Who drag races an automatic? Who drag races a car made for the twisties?
Is it wrong? Not to me!
I drove the hell out of her on the track and the street (legally, I mean).
The Z, as she was always called, was my first car love. I had owned several cars before The Z, but she was the first I loved. I was passionate about her. Ask me a question, I had an answer! And a smile. And always something else to say other than what you asked.
I owned an ’04 Nissan 350Z in Daytona Blue with a 5AT.
It sounds sac religious to some, but I don’t know how to drive a manual transmission. I don’t really want to learn either. Don’t hate.
The best part about an automatic on the drag strip – no missed shifts!!!
The triptronic transmission allowed to manually shift when I wanted. See, she was the best of both worlds.
There was a lot of work done on the car. Supercharger. Exhaust. Valve body. Plenum spacer. Pulley. Maybe a few other things.
She looked stock but sounded much much better. The whir of the centrifugal supercharger, the tiny chirp of the belt slip on start up, the exotic sound of the aftermarket exhaust — heaven on earth.
The excitement of a package being delivered to the porch that contained a present for the car is unmatched.
The selling of old parts (which in our case were gently used, hardly ever old) for new, the research into which parts to buy and from who – all aspects I miss from my previous life.
She was a thing of beauty. She was a sparkling Daytona Blue in the sun light. She was a “perfect for me” machine.
I loved being first at a red light on the street. I wasn’t racing anyone except myself. I loved the pull of the engine; the thrust of my torso being pushed into the seat. The adrenaline rush that came with every green on a stop light and drag strip Christmas Tree.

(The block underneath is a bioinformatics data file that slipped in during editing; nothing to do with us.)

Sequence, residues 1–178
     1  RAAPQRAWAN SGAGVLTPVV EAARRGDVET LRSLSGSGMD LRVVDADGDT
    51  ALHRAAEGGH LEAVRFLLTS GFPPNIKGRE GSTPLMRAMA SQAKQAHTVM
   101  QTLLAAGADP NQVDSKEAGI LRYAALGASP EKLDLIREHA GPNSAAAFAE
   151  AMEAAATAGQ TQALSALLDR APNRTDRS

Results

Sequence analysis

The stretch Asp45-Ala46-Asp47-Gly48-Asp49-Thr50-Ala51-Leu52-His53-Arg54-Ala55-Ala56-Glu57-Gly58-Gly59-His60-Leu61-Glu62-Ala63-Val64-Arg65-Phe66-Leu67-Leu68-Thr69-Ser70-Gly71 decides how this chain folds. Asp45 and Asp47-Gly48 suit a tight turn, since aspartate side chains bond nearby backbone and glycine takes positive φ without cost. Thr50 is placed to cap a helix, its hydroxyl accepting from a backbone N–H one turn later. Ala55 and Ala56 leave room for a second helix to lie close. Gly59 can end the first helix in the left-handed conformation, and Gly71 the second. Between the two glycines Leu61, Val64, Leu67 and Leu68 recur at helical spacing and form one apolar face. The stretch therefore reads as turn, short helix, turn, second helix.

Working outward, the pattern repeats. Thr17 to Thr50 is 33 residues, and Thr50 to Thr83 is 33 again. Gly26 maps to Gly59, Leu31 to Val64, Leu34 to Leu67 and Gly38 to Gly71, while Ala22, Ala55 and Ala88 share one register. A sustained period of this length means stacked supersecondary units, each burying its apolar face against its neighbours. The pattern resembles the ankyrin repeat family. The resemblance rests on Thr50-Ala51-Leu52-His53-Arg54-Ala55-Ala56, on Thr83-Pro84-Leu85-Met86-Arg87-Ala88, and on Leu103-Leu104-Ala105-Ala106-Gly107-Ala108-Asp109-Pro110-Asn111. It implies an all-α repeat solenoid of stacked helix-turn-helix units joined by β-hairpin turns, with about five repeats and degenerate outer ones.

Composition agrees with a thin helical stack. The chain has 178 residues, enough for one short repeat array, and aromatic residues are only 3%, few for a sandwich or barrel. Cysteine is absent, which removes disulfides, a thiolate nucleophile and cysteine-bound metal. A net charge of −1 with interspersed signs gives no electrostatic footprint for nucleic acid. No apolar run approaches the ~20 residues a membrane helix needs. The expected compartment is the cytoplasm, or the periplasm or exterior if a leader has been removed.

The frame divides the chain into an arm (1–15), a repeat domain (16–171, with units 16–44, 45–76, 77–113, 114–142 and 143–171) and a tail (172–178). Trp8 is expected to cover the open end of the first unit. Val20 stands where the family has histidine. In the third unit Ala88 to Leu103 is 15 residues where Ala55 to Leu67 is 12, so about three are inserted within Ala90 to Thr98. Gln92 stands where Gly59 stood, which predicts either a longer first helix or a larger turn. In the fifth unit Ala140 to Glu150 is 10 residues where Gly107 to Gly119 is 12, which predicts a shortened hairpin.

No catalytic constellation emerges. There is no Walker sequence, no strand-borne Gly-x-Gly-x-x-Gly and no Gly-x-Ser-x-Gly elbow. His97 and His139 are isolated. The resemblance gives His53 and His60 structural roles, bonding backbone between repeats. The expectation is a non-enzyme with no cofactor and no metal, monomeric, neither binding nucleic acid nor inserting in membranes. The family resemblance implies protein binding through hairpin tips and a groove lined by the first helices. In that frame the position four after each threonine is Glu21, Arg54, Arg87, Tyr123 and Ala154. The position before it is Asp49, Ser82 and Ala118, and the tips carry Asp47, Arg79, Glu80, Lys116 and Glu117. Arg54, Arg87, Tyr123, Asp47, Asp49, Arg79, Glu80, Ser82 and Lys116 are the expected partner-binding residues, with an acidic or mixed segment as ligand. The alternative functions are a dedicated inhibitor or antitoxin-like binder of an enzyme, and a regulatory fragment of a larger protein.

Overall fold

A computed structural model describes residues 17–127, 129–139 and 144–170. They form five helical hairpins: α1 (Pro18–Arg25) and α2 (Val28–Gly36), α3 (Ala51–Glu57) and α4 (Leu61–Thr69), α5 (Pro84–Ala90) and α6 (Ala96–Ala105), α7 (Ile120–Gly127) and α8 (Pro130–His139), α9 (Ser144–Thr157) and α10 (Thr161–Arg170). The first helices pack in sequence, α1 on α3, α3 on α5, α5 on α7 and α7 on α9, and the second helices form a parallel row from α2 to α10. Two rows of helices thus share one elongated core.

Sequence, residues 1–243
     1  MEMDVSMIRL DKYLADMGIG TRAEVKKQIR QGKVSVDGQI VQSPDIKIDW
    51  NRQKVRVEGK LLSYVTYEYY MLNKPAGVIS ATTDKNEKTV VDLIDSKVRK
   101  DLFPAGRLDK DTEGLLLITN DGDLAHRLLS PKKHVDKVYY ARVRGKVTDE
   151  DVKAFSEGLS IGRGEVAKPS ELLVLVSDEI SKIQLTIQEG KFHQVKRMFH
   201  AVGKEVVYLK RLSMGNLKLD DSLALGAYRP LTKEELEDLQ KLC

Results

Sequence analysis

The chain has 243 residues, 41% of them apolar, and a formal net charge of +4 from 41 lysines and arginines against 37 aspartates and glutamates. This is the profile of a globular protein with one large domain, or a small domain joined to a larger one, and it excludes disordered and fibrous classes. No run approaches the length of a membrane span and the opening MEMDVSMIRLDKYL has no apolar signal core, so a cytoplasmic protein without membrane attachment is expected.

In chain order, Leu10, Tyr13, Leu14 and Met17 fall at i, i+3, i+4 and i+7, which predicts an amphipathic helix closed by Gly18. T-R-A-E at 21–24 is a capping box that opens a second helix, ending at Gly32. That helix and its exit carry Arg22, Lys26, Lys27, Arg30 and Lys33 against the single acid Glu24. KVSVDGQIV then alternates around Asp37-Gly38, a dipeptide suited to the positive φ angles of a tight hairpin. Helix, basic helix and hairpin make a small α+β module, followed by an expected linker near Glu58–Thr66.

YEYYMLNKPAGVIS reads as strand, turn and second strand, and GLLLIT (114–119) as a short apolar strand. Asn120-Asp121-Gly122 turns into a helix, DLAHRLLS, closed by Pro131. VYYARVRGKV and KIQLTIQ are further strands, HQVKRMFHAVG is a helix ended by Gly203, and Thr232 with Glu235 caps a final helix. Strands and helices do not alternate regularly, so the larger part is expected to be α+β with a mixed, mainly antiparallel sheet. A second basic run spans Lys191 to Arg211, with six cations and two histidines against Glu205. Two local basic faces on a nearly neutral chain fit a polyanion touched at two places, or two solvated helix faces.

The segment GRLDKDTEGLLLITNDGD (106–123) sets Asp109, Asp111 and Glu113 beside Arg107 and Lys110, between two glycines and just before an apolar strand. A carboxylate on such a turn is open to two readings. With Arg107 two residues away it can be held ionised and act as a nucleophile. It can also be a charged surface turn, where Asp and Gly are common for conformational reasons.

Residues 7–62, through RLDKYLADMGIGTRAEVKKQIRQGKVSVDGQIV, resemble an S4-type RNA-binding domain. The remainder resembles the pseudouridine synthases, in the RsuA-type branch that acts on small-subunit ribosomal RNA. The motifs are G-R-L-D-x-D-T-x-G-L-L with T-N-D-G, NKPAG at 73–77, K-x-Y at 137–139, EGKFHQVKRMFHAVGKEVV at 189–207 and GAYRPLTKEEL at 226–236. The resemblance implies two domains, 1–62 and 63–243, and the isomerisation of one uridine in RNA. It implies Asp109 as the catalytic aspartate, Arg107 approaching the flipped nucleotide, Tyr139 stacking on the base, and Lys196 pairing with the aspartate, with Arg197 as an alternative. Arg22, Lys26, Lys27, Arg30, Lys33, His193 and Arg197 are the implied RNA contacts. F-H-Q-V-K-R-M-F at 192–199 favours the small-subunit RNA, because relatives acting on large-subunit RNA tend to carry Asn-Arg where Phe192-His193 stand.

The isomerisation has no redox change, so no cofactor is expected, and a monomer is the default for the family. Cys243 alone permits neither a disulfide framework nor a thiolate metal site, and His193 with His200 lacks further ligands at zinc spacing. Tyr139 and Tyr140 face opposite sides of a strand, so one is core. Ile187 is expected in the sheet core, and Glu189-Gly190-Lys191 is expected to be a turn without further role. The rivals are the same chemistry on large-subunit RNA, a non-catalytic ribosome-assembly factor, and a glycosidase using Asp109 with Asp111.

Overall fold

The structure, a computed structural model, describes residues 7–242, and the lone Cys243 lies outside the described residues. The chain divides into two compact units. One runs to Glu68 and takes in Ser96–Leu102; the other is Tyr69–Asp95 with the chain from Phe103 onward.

Do you pay attention to where the nose of your car is, at an intersection? A stop sign or stop light has some markings on the ground. Do you know where your tires are compared to that line? That is the vital staging requirement of drag racing. Lining up correctly with your opponent – staging – is the beginning of the thrill ride.
Sure you try to make racing all about you, but it is really about beating “the other guy” (gender neutral bc I wanted to best everyone).
Staging correctly is respectful to yourself and others. Staging in a timely fashion is expected and needed to keep the track night running smooth. Messing up staging will get you harassed by the track crew and disrespected by opponents. Do we all make mistakes when we are new? Sure. But after your first night at the track, don’t do it again.
Are my windows rolled up? Is my AC off in August heat in the midwest? Is my helmet on? Is my manual shifting engaged? Am I sweating like a pig in my fire jacket? Perfect. When I answer Yes to all, I am ready to race!!
The red lights pop on. The heart rate quickens. How is that possible? It is already beating out of my chest!! The yellow light brightens. Your foot slides from brake to gas pedal on second yellow. You pray to the car gods that you get a perfect launch reaction time of 0.00. Negative and you lost the race before it began.
You slam the gas pedal to the floor, keep the wheel straight, and try to remember to breathe.
When it is over. You gasp for air because you haven’t been breathing. Roll down the windows. Pick up your racing slip from the time keeper.
Now the big decision needs to be made.
Park the car near the bathroom and take a highly pressurized per break or get back in line to race again??